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"Oh, no problem. It's flat."

The small man in the office in McLeod Ganj didn't look like a mountain climber, but he seemed sure of himself. Lots of tourists use his guiding service, he said.

"Triund, 9 kilometers. Snowline, 3 kilometers. One day!" he said with confidence. And he quoted his prices with confidence too--4,400 rupees for the two of us to take a guide up to the snowline, spend a night in a mountaintop lodge and come back down.

We decided that instead of spending five days' budget on one hike, we'd rather try the trek by ourselves, using a map we bought from the tourism office for two rupees.

'How hard could it be?' we asked each other. 'We just hike up the hill, then to the snowline, it's flat!"

Yeah, flat like a mountain is flat.

In China, briefly, we considered ourselves good hikers. We would power up the hills in the national parks, leaving whole families of Chinese tourists in our wake. Well, that was when the competition wore high heels and the trails were antiseptic, cemented parodies of nature.

Unfortunately, a real mountain and real hikers kick Dan's and my collective butt.

The general consensus of the several guiding agencies and the talkative man at the tourism department was that it would take us about three hours to hike up to Triund, the 'base camp', and then a further hour to the snowline below Ilaqua pass.

Four hours up? No problem, we said at 7 a.m., lacing up our boots and stocking our backpacks with bottles of water. We'll be back in time for dinner.

Hah.

At 8 we stopped for breakfast.

At 8:15 we stopped for breath.

At 8:20 we stopped to take pictures.

At 8:25 we stopped for a pee.

At 8:30 we were down a liter of water.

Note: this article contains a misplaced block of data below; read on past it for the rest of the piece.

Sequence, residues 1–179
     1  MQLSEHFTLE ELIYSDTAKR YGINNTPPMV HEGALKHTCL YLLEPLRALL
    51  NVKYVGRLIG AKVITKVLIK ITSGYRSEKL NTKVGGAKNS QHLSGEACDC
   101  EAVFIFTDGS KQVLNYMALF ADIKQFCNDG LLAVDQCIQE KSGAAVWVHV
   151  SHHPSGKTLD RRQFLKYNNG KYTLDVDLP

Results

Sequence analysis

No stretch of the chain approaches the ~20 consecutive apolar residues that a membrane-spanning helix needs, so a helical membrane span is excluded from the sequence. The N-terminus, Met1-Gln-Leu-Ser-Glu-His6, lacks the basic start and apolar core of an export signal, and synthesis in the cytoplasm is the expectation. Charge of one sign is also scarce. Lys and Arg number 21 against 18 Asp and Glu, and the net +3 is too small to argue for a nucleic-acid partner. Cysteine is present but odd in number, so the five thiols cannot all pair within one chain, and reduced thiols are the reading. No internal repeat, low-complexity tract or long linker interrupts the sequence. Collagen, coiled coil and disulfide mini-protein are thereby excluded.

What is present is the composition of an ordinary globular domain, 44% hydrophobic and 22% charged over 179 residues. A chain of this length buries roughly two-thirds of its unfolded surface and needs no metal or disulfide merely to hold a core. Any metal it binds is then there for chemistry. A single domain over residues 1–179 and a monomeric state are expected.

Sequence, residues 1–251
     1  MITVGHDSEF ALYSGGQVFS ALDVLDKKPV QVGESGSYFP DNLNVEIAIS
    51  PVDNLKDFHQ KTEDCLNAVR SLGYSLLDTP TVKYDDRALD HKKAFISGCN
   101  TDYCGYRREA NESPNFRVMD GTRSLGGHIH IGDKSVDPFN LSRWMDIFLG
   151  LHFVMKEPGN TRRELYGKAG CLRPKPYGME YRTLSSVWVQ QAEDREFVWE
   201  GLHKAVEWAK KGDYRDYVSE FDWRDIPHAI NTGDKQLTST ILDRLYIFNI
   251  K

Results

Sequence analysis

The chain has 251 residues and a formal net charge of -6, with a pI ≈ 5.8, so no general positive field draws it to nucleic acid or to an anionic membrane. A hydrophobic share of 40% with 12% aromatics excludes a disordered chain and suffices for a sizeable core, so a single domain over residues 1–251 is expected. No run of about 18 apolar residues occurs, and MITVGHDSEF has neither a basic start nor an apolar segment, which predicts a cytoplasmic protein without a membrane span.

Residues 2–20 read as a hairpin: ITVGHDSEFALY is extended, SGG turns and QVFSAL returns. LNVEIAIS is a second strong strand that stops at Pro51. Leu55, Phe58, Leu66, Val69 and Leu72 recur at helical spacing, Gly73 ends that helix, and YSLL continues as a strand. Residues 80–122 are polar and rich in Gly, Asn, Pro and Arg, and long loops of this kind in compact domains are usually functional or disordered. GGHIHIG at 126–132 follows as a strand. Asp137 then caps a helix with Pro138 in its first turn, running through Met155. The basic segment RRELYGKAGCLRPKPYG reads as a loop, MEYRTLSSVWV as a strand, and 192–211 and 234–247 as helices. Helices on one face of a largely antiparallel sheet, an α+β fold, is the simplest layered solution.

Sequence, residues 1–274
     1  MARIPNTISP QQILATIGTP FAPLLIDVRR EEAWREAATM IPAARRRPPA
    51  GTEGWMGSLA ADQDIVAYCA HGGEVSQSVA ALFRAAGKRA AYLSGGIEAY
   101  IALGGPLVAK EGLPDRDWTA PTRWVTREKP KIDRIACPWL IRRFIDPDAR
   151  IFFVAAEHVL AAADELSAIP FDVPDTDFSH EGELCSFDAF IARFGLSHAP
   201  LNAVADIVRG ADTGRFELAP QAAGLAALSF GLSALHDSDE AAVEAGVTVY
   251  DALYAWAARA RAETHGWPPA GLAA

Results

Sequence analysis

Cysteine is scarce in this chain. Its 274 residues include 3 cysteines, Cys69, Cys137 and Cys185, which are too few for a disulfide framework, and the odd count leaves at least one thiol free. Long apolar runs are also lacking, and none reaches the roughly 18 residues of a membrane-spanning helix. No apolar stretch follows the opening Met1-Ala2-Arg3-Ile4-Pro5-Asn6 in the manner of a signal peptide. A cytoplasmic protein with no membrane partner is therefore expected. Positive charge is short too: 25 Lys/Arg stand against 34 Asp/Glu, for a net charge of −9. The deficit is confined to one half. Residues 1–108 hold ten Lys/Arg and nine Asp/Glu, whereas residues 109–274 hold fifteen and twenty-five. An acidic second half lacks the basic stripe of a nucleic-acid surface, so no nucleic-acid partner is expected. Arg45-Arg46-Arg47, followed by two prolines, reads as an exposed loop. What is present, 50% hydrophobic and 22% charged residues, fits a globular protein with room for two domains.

At 9:30 we were wondering where that shortcut was.

By 3:30 we were in Triund.

Evidence of our weakness passed us by every half hour or so. A Japanese or Korean couple who ate breakfast when we did passed us at the halfway mark - but they were going back down, at 11:30. A Dutch mother-son duo got to the snowline by 12, took a few hours to relax at Triund, and strolled leisurely back down to the village for meditation classes. An Indian man afflicted by childhood polio passed us on crutches, smoking.

We persevered.

And the day, when seen from the top, was gorgeous. At Triund, we could see the three snow-frosted peaks clearly. Down below, back the way we came, the afternoon sun lit the flowering rhododendron trees to a flaming red.

A man came out of one of the stone and tarpaulin shacks at the top and offered us tea. We ended up renting a tent from him too and staying the night on top, watching the moon light the snow caps and the stars shift through the night.

A group of recent college grads, three Tibetan refugees and a Nepalese guy, invited us to sit by their campfire with them. They talked about sports and some of the hardships of being a refugee.

The next morning we got ourselves up for the sunrise and continued to the snow.

Flat it wasn't. But it was fantastic.

**Click here to see photos of McLeodGanj**




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